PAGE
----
• Quality control of food labelling
  • Research to support product development
  • Supervising lab staff

Founder member, Dock Street Farmers Market (2011-2015)

  • Collaborating with others to create monthly market events. Coordinating market days
  • Negotiating with venues and traders
  • Bidding for funding

Trustee, Dock Street Farmers Market (2015-present)

  • Strategic direction for the organisation
  • Nutritional adviser to the Board
  • Coordinating funding bids

STEM ambassador (2010-2012)

  • Speaking at STEM events in schools and colleges to engage young people

Volunteer nutrition assistant, NHS Nottingham (2008-2010)

  • Working under the direction of a community dietitian to help parents of young children create nutritious meals
  • Leading cookery sessions for parents and children

Professor Alison LaMotte - Liverpool John Moores University, 0151 9009000, alamotte@lmj.ac.uk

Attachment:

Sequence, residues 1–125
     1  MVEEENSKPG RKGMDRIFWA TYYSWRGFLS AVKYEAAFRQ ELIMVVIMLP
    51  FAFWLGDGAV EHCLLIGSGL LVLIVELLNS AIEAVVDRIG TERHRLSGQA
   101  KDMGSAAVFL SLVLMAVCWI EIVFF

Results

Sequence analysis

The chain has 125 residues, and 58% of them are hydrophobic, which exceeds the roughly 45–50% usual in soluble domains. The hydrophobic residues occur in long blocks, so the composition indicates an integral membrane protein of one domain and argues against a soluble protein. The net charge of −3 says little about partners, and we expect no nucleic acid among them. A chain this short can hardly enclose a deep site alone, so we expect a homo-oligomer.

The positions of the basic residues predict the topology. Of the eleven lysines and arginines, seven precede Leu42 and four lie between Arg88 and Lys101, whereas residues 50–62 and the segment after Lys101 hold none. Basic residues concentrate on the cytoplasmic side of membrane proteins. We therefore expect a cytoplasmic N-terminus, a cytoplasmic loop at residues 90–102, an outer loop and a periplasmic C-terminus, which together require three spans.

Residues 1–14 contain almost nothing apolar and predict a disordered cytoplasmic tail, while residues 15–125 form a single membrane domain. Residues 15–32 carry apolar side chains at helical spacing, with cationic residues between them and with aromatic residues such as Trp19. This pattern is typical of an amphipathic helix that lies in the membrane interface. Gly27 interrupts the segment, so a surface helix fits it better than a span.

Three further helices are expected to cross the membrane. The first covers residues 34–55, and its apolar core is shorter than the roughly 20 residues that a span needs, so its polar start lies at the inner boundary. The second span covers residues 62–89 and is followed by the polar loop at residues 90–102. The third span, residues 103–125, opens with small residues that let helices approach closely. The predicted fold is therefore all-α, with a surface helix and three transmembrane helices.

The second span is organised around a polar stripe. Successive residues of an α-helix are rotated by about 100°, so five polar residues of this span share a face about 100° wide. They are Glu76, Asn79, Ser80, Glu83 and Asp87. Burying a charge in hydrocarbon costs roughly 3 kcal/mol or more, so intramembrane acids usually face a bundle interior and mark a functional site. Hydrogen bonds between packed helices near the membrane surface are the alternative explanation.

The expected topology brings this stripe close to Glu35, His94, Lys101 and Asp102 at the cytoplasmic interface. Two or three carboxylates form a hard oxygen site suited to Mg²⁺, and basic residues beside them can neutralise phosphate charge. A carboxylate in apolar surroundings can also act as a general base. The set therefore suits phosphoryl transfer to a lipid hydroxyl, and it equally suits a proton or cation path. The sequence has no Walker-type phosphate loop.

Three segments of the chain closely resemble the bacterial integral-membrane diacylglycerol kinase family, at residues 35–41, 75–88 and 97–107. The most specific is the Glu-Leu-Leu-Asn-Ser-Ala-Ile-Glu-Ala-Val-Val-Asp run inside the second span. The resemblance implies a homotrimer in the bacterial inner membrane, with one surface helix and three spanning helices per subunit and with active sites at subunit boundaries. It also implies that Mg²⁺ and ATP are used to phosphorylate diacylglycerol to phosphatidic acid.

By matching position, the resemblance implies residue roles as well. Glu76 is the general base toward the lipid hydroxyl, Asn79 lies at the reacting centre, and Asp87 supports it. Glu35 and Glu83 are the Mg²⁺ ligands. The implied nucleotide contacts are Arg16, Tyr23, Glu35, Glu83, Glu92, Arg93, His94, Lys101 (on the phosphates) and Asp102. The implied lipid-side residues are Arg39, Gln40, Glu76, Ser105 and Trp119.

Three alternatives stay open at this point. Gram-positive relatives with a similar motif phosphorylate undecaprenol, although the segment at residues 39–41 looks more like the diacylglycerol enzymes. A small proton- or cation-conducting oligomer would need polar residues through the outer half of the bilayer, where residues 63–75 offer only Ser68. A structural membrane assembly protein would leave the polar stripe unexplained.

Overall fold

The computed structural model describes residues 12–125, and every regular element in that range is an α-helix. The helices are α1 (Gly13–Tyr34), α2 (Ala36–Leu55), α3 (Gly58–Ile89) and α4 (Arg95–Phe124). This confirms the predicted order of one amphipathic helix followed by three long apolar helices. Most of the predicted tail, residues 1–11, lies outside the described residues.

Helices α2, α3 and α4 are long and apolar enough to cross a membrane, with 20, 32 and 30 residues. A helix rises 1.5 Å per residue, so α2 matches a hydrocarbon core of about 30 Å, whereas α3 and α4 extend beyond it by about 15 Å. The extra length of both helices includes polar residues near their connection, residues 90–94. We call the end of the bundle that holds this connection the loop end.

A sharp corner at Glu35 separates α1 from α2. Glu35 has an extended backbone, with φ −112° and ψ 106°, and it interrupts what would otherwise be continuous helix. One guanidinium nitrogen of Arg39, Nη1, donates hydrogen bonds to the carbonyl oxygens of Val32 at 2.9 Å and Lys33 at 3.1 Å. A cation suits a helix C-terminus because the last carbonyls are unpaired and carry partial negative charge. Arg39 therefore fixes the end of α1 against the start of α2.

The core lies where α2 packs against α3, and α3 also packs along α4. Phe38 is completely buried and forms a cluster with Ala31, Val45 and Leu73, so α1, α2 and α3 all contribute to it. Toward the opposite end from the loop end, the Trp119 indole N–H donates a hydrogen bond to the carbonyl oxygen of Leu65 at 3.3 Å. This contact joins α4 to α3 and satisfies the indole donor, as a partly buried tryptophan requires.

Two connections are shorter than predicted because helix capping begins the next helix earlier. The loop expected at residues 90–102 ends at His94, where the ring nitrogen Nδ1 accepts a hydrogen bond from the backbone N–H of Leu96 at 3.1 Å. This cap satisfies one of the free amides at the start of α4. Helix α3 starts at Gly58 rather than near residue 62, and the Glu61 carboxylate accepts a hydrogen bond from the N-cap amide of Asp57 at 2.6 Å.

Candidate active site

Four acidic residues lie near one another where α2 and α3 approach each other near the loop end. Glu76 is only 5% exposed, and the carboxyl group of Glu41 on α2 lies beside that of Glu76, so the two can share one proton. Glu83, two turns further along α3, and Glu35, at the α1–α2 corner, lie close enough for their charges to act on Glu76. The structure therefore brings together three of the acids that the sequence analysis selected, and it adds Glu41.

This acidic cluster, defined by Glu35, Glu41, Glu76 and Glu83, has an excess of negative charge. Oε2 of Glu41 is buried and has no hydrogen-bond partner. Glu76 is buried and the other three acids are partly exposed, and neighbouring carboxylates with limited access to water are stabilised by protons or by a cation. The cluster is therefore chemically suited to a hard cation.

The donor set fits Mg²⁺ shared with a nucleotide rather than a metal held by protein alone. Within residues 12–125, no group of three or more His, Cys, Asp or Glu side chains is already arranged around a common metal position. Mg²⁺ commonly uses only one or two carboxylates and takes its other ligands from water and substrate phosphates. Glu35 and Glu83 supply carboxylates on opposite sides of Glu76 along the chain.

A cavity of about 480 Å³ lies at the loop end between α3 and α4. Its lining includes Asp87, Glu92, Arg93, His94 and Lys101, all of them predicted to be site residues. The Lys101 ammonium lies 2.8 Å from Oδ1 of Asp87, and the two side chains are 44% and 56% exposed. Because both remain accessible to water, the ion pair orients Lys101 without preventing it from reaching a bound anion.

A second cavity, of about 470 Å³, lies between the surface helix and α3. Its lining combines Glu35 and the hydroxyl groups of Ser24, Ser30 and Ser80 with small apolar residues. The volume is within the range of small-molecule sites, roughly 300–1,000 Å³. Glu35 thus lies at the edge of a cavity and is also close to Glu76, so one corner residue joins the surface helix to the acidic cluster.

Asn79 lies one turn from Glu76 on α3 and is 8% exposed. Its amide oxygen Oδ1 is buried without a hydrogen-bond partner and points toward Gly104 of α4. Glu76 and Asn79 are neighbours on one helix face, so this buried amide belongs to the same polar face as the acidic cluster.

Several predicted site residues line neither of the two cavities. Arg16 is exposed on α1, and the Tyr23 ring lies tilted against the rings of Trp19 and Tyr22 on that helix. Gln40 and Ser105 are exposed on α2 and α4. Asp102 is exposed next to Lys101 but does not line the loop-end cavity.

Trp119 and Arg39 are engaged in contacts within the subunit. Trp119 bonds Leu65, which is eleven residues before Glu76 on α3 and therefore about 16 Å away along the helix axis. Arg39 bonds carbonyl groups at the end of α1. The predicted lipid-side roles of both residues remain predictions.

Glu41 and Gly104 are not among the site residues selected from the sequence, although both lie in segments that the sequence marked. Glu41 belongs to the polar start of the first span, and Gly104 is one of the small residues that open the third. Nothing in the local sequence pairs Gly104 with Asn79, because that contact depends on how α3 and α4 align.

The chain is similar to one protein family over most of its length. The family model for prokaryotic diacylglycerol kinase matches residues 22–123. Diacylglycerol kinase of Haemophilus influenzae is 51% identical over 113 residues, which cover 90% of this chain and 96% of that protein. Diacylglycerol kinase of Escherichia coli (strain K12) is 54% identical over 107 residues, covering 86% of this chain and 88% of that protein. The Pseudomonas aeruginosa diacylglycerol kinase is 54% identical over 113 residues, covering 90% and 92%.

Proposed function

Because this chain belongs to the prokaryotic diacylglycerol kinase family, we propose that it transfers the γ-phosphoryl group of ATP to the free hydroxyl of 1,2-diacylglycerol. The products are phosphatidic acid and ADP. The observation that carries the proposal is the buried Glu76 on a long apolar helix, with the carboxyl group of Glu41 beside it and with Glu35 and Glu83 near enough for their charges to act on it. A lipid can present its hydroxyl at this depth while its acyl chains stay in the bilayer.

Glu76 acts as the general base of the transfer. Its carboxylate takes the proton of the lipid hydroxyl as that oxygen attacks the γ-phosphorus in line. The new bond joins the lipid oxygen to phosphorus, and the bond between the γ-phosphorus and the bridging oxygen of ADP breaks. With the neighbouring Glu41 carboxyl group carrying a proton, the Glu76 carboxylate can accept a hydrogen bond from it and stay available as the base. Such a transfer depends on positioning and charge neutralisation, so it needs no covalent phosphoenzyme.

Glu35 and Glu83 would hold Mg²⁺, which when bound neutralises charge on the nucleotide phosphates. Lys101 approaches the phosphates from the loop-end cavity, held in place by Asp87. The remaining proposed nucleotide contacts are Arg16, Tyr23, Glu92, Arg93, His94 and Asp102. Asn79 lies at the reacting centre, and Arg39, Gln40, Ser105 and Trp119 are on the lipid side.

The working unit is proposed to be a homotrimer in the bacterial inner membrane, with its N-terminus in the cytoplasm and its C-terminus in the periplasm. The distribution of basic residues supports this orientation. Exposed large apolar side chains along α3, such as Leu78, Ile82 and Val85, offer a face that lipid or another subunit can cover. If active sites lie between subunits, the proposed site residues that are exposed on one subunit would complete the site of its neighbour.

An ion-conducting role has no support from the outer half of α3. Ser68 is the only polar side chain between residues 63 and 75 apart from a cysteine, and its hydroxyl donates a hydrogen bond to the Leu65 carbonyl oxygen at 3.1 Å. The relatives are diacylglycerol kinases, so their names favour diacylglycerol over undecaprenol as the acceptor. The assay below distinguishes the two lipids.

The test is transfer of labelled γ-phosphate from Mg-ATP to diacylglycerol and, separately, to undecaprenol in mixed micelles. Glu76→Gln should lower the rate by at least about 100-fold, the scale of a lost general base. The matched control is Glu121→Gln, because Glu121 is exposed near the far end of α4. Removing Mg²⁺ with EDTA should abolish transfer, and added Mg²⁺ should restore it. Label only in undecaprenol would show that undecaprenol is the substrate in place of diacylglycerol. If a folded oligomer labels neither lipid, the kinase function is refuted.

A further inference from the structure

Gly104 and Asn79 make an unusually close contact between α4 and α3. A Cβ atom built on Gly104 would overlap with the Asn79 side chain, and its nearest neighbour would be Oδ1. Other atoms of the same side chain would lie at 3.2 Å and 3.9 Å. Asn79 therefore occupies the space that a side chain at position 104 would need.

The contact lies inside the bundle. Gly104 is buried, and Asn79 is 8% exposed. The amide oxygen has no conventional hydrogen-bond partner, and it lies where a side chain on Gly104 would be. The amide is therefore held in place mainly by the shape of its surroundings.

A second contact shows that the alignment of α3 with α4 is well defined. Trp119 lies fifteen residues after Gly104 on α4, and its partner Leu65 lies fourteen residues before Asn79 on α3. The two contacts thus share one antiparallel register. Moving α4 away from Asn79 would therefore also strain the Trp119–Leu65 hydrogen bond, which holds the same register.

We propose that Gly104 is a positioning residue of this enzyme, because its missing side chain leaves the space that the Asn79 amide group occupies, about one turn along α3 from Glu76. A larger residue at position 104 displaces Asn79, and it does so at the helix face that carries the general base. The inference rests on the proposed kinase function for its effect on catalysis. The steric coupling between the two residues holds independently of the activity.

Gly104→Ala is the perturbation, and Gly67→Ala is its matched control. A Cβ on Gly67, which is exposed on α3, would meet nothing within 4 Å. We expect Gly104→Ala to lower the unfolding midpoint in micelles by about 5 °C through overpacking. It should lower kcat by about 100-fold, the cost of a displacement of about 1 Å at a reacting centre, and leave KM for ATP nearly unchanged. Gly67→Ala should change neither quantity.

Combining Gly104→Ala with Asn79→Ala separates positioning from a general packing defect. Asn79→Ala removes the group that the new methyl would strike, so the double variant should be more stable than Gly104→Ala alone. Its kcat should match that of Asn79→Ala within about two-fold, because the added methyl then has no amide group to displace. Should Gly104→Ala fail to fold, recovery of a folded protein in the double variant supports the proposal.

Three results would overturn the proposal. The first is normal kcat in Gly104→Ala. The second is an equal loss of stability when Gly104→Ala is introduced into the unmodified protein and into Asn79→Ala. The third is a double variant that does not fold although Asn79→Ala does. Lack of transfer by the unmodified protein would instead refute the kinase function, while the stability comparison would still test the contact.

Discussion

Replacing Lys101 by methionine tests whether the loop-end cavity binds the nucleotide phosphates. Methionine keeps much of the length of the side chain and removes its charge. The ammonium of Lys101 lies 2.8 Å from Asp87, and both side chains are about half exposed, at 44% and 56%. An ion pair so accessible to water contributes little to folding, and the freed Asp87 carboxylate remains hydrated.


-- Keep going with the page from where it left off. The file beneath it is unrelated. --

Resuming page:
Dr Henling Strauss - Chester University Hospital, 01244 012400, straussh@cuht.nhs

Damian Pandar - The Food Project Liverpool, L6 5PQ, 0151 2962960, damain@foodproject.co.uk

Begin your academic CV with a concise introductory statement, giving a summary of your skills, experience and career ambitions.

List your achievements in reverse chronological order, starting with your qualifications. Give details of your degrees and your research, but don't take up too much space. Unlike other CVs, academic CVs are often several pages long, but still need to be concise and to the point. To save space list key subjects rather than all of your GCSEs.

Don't leave out any teaching experience and be sure to list your published work. Conferences, awards and professional memberships should all be shown, where relevant.

While academic successes take precedence you'll still need to include your employment history - even temporary or part-time work is worth listing. This experience shows another side of you and of your experience outside the world of academia.

Finish your CV by giving details of you referees. Try to include a non-academic one if possible.